One sometimes hears people referring to Westminster as a “bubble”. I suppose that people who use this turn of phrase are intending to suggest that those of us working in Parliament are surrounded by a thin and somewhat opaque film which separates us from the world outside and leads us to spend an inordinate amount of time talking to each other.
Certainly, over the past few months, it has felt rather like that in Westminster as we have wrestled with the difficulties of Brexit. And, ironically enough, I am writing this particular column while sitting under a very bubble-like glass canopy which (when it doesn’t leak), keeps the rain off the meeting area of the relatively new bit of Parliament known as Portcullis House.
But the dispensations of divine providence have created a method for prising MPs out of the bubble at regular intervals – with beneficial effects on the sanity quotient of representatives at Westminster. This takes the form of a constituency-based system, in which each MP does actually have a particular relationship with a particular patch of the country – and each MP is therefore compelled to spend a fair proportion of his or her time concerned with the specific issues attached to that specific part of the country.
Amongst the many advantages of this system is the fact that it provides some serious connection between Members of Parliament and local governments.
During this last week, despite all the Brexit furore in Westminster, I was forcibly reminded of the importance of this link between MPs and the local governments of their particular patches.
I have mentioned in this column on various previous occasions the progressive moves that are now firmly underway to establish a new unitary council for rural Dorset, bringing together the County Council and all the relevant District councils into one entity. As I have also mentioned, the MPs representing the rural Dorset constituencies played a part in helping this unification to happen. And I am now very glad indeed that we have done so, because we are beginning to see the likely benefits of this re-organisation.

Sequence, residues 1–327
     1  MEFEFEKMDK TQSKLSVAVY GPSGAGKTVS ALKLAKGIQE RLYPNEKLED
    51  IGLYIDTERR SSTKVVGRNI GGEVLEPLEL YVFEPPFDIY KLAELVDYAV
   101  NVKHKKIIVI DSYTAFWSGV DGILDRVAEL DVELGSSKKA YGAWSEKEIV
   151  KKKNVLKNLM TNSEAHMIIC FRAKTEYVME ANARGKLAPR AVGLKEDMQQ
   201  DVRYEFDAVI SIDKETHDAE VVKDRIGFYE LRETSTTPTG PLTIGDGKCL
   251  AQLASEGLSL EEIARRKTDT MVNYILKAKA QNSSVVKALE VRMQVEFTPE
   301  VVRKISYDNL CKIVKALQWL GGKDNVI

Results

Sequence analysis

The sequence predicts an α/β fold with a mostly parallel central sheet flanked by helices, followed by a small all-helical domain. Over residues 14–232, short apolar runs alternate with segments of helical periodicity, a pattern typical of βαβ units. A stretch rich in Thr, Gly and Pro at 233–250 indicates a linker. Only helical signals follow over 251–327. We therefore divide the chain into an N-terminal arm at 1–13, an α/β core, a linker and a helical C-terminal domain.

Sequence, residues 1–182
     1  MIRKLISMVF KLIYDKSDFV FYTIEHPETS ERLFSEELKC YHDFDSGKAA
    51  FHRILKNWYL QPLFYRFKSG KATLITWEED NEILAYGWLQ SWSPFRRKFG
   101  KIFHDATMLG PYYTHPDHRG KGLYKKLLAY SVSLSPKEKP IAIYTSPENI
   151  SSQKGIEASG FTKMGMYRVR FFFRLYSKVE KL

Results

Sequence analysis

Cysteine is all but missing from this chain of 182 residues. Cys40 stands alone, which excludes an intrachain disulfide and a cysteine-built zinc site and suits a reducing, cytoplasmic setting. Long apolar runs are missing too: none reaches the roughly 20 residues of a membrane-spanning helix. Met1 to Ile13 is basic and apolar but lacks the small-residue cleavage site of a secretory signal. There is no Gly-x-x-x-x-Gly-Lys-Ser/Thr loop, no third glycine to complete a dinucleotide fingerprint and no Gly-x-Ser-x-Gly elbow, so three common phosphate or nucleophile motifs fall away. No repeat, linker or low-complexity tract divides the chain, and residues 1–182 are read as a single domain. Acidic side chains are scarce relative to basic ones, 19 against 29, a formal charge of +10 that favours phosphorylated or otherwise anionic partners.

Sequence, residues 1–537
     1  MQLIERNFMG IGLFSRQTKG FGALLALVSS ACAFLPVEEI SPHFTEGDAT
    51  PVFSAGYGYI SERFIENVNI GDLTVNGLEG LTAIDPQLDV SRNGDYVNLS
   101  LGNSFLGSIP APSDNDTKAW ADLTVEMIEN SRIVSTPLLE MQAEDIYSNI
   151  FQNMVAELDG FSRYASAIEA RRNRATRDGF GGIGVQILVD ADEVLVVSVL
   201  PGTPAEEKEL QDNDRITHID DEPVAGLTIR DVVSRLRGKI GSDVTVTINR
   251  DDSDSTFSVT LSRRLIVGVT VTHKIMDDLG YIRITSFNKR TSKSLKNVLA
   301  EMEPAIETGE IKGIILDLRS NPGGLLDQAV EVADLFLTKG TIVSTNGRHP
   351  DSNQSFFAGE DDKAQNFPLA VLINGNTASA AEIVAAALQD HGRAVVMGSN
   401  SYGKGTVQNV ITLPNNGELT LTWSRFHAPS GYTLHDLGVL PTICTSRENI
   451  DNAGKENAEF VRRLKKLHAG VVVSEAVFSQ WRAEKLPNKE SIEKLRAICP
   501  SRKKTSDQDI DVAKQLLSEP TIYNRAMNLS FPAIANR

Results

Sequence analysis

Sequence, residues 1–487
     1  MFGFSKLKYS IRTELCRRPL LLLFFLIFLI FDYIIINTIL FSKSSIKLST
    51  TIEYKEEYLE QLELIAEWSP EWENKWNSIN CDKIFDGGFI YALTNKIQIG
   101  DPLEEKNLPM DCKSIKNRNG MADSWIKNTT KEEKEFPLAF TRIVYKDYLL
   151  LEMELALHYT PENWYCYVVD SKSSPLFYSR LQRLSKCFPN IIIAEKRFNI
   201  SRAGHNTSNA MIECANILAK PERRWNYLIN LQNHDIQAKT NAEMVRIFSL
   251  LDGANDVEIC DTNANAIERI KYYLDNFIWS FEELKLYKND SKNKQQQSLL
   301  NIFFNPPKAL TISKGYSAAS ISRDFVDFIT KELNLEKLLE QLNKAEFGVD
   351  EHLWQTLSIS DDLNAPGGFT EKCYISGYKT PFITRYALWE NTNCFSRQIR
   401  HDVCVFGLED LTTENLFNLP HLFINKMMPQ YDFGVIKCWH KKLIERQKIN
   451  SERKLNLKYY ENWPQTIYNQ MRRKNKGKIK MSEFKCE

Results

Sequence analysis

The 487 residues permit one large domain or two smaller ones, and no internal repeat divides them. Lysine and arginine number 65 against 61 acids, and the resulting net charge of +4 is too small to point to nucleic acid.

I read that the Shadow Unitary Council (which has been working to provide a smooth handover) has identified significant savings, yielding as much as £10 million per year of extra cash for frontline services and almost £20 million of additional capital to invest in Dorset’s infrastructure.
This is welcome news. Most welcome of all, is the news that this will enable the new Unitary Council to increase spending on children’s services by almost £6 million per year – which should, at long last, begin to cure the deficit that has arisen, and thereby liberate much needed additional funding for our hard-pressed schools. And it is also very good news that there will be another £1.5 million per year available for adult social services – which are going to need progressive increases in funding over coming years as the number of frail elderly people in Dorset inevitably rises.
Both the nation in general and Dorset in particular face challenges: but, in Dorset, we are taking sensible steps that will make it much easier for us to meet those challenges head on.